No. 107 (2022): How to Tell About Art? Art History, Criticism, Texts and Narratives in Lithuania
Edited by dr. Lina Michelkevičė, dr. Laura Petrauskaitė, dr. Aušra Trakšelytė
Copy editor Dalia Žalienė
Translator Tomas Čiučelis
Designer Jurgis Griškevičius
Release date: 2022
Format: 170 x 240
Print run: 200
eISSN 2783-6843 | ISSN 1392-0316
The publication is sponsored by the National Development Programme of Lithuanistics (2016–2024) at the Research Council of Lithuania, agreement No. S-LIP-19-25.
The aim of both art history and art criticism is to make the artwork – along with its relevant historical contexts and current events – accessible to our imagination. After all, artworks also reside in the viewer’s consciuosness where their presence is no less real, if not more intense, than in museums, galleries, public spaces and illustrated books. Putting art into words is not easy: along with the confident grasp of facts and contexts, the researcher needs to possess a vigorous and courageous imagination. Either when researching contemporary art, or interpreting the artworks of previous epochs, the art historians and critics are always busy telling stories and constructing narratives.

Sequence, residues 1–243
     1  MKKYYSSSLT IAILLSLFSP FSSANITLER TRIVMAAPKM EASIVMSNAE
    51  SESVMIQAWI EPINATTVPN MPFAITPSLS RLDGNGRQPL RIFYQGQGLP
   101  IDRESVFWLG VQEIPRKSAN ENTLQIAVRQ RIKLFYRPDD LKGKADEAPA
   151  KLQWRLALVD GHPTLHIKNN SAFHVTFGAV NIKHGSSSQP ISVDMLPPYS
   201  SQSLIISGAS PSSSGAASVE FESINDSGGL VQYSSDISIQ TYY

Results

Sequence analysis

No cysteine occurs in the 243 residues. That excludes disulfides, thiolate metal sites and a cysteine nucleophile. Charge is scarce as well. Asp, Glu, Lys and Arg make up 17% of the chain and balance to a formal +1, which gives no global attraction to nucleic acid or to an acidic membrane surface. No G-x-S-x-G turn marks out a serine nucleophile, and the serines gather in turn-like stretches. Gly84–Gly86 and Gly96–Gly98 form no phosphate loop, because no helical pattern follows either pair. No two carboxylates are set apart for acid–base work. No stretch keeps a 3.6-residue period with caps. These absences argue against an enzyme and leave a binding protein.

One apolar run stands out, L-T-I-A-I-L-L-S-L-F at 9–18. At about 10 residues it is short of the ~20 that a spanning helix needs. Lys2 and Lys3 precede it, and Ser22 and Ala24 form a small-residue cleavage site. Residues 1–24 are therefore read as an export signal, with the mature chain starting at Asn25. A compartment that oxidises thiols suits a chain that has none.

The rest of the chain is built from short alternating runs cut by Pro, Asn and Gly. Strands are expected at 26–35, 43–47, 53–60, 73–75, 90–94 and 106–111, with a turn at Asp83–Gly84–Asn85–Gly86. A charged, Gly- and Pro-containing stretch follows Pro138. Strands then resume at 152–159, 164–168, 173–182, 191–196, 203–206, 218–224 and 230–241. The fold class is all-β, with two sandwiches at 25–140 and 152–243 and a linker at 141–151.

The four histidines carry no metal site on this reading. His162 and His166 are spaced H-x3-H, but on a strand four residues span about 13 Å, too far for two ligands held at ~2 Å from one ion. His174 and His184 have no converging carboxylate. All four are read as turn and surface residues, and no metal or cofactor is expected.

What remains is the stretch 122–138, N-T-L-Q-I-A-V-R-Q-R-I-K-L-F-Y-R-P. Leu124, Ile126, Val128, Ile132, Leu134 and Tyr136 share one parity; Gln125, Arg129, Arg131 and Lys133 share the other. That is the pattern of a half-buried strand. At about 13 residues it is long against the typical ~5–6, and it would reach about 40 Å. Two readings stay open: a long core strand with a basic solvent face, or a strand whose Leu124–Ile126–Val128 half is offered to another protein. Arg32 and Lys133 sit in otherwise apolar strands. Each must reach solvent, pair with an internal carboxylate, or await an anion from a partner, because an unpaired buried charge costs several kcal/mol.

With the expanding scope and growing complexity of the art historical field in Lithuania, there comes the need to reflect on the discipline from within. In response to this need, in the spring of 2021, the Institute of Art Research at the Vilnius Academy of Arts organised the conference “How to Tell About Art? Art History, Criticism, Texts and Narratives in Lithuania”. The participants were invited to discuss the many histories of Lithuanian art, their authors, narratory strategies, styles and aims – in other words, approach art history from the perspective of storytelling.
The conference has raised the following questions: is there anything like the Lithuanian school of art history? is there a tradition of storytelling in Lithuania art history? who writes our art history and how? what disciplines and what liberates the narratives? do we still need art critics today, when the artists themselves are discussing and introducing their own art with increasing virtuosity? what is the role of imagination in shaping the art historical narrative, and vice versa: how the latter shapes and inspires our imagination? The conference papers and discussions served as a fertile ground for further developments, which also resulted in the entire issue of Acta Academiae Artium Vilnensis being dedicated to this productive topic.
We hope that the collective reflection by the authors in this issue of AAAV will in turn further deepen the self-reflection within the art historical discipline, reveal its current and historical shifts and transformations, and allow us to better notice how the discourse on art gets shaped, complemented, and questioned by the insights from the disciplines that are still relatively young in the Lithuanian context, like film theory and artistic research. We thus welcome the new narrators that come into the scene to enrich it with their own narratives and novel forms of storytelling.